IMLAY, Nev. — The sign hanging from the fence outside the ostensibly unstaffed Thunder Mountain Monument, which sits along a lonely stretch of I-80 in northern Nevada, says, “ENTER AT YOUR OWN RISK.” Whether the main risk is stepping on a piece of broken glass or detritus from the salvage materials used to build the monument or having your soul claimed by any one of a dozen works of truly unsettling statuary, is unclear. As outsider art goes, you can’t get much further outside than this creation, built by Frank Van Zant over many years, starting in 1969.
Van Zant (1921-1989) was a World War II veteran and self-identified Creek Indian. Upon moving to Imlay, he experienced a vision that inspired him to take the moniker of Chief Rolling Mountain Thunder and begin building the monument. The footprint of Thunder Mountain includes a massive, ornate central structure, combining wattle and daub construction techniques, bottle walls, and other historical building methods. It is notable that there is no extant geological formation named Thunder Mountain, so the complex itself would seem to be the “mountain,” and Van Zant both its creator and caretaker.
Like everything in the complex, the main building — whose lofted archway is the most visible feature from the adjacent highway — is adorned with fragments of architectural salvage and repurposed refuse, and guarded by several statuary works. Some of these are modeled entirely from scratch, while others incorporate found materials that create a commentary on the ways in which American Indians have been displaced within colonial culture. Some of the statues seem to serve as makeshift sites of worship, with small offerings surrounding the feet of certain ones.
The three-tier central structure is now fenced off, but its base is apparently constructed around Mountain Thunder’s travel-trailer, which Van Zant covered with a combination of cement and mountain stones to serve as the foundation. Next, he began to surround the building with cement statues, including a monument to his son (one of eight children) who committed suicide. Others are dedicated to Mountain Thunder’s heroes, including Sarah Winnemucca, the Aztec god Quetzalcoatl, and Chief Standing Bear. Several of the works are self-portraits. An arch tops this central building, and serves as a metaphoric handle by which Mountain Thunder hoped the Great Spirit would carry away the monument, following the artist’s death.
The complete site covers roughly five acres along the south side of I-80. At one point it housed seven buildings, including a three-story hostel that became a destination point for spiritual seekers in the 1970s. Now, only three stone-and-concrete buildings remain, as well as the remnants of some damaged by a 1983 arson incident that partially destroyed the site, and some 200 concrete sculptures depicting Indians and their protective spirits, the massacres that devastated their people and nations, and other injustices against them. One imagines that it was an uncanny and powerful site, even at the height of its popularity: Mountain Thunder was named Nevada’s Artist of the Year in 1983. Now, with years of entropy and physical collapse creeping ever closer, it is downright forbidding. Rolling Mountain Thunder committed suicide in 1989, leaving the site in the care of his grown children. The area fell into neglect until it was declared a Nevada State Historic Site in 1992; it is now under the aegis of a State of Nevada Historic Site Restoration Project. A plaque at the entrance commemorates a William J. Schmidt, whose “generous donation” apparently facilitated a rehabilitation effort at the site in 2002.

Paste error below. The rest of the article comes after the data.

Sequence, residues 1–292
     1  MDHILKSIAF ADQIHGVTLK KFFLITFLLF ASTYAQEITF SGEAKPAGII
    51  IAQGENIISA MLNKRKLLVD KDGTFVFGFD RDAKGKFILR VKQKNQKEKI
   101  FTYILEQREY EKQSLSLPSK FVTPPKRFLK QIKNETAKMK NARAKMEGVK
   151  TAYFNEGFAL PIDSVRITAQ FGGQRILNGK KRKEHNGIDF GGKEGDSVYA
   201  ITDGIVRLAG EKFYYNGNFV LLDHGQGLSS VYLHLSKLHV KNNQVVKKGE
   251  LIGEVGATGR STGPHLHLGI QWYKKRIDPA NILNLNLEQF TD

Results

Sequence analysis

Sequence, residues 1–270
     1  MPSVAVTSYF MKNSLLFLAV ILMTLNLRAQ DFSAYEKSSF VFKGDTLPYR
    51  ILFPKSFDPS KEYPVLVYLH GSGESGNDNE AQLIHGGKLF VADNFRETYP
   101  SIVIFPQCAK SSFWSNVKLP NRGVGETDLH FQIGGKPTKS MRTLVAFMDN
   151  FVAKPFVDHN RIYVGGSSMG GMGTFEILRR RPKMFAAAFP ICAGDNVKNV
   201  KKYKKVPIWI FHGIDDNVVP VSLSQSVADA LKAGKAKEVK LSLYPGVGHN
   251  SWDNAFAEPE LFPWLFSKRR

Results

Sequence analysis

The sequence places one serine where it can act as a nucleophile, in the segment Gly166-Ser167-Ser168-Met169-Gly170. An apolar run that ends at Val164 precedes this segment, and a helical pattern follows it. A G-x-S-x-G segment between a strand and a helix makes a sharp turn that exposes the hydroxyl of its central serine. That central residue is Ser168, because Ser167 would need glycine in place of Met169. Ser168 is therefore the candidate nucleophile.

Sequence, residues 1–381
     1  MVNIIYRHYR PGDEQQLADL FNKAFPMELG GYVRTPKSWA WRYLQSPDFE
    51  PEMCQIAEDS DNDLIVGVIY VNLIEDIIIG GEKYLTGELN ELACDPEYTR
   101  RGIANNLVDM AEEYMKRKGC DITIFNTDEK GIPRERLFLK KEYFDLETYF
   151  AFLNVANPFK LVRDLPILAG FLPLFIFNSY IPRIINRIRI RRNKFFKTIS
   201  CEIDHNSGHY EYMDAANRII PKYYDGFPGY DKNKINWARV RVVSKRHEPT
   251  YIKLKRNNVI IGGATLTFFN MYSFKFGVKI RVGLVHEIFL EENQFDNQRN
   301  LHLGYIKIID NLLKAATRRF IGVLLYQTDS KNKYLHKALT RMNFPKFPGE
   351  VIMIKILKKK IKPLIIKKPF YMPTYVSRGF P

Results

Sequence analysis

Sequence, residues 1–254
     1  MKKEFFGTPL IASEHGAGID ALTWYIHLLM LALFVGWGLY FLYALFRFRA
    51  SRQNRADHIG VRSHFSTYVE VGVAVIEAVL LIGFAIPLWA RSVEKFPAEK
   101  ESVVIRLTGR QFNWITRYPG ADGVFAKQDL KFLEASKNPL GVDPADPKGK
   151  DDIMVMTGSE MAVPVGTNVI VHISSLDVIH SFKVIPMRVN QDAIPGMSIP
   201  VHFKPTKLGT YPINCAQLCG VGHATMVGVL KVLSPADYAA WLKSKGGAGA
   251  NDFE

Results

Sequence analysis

Nonetheless, Thunder Mountain Monument is a lonely place, and one where the true isolation of an outsider artistic vision seems to radiate from the very soil. Thunder Mountain is one of those places where the boundary between art and ritual is exceedingly thin. As it represents one man’s struggle with his personal and cultural trauma, it retains a great deal of that energy, even in his absence.
Thunder Mountain Monument (800-804 E Star Peak Rd, Imlay, Nevada) is open to the public from 7am–7pm, seven days a week, for self-guided tours, by donation and at one’s own risk.